Your list will be very different than mine but it really helped me to make that list.

2. How far are you willing to travel to get a puppy?

If you are not willing to drive out of state, that is fine but it will limit your search. In some ways, that makes choosing a breeder a lot easier because it narrows your options.

I found a local Lab breeder I liked but ultimately decided to travel out of state for a breeder that I thought was even better. I was open to traveling to several states but did not search the whole country.

Keep in mind it’s relatively easy to fly with a puppy in the cabin with you if you decide to get a puppy out of state.

3. What are you willing to pay for a puppy?

For many breeds, you will need to be open to paying at least $1,500. It’s common to pay double that or more.

After talking with 9 different breeders I think I just became desensitized to the price and just understand that that’s what you have to pay for a puppy these days!

For me, the price is worth it but we all have our own opinions and limitations.

What is important when choosing a dog breeder?

How to choose a dog breeder
(Above picture is not our puppy)

I recommend you list out what is important to you and what is not so important.

Below are my lists to give you an example.

I would expect your lists to be different than mine.

What is important to ME in choosing a good dog breeder?

1. The breeder views the dogs as members of the family. This is most important to me. All of the sires and dams should be loved, valued family members.

They don’t necessarily have to live in the house but that would be ideal. I like to know the breeder does activities every day with each dog and works on training. I want to see that the dogs are doing the work they are bred to do.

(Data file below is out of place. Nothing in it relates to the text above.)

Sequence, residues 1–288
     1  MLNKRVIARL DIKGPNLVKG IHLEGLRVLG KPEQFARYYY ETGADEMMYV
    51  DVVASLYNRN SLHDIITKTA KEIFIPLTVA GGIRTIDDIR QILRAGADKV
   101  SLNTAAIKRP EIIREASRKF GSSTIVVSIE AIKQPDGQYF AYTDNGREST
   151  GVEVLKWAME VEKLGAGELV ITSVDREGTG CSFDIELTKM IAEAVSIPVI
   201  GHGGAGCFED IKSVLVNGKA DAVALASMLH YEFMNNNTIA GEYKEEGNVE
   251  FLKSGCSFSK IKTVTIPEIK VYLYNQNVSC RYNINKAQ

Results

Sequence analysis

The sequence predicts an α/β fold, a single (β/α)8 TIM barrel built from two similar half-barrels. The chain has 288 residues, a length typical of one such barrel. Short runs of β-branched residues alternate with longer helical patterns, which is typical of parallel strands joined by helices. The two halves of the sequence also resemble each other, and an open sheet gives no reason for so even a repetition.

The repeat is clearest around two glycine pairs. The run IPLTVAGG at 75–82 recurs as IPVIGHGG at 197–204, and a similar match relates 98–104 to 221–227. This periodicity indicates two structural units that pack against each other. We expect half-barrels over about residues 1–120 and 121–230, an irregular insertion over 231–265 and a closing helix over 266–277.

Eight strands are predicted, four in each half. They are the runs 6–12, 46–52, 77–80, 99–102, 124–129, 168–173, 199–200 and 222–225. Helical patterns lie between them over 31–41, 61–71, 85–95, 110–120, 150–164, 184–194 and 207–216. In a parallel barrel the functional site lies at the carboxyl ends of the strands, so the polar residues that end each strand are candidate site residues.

2. Health testing of the parents and grandparents. This is just such a common, basic practice. If the breeder is not doing the typical health testing of that breed then I’m going to look elsewhere.

But also keep in mind that I’m getting a Lab – the most popular breed in the U.S. and one that unfortunately can have a LOT of health problems.

3. Dogs are bred for work. I want a dog that is athletic and able to do the work he is bred to do.

4. The dogs’ temperaments are a priority. The breeder is factoring in temperament and trying their best to produce puppies that have a certain temperament.

5. The breeder provides lots of socialization for the puppies.

6. Transparent in their “philosophy.” They are proud to talk about how they raise their dogs, the activities they do together, how they socialize their puppies, show pictures of their facility on social media, etc.

7. Keeps a wait list for puppies. Shows they are in demand.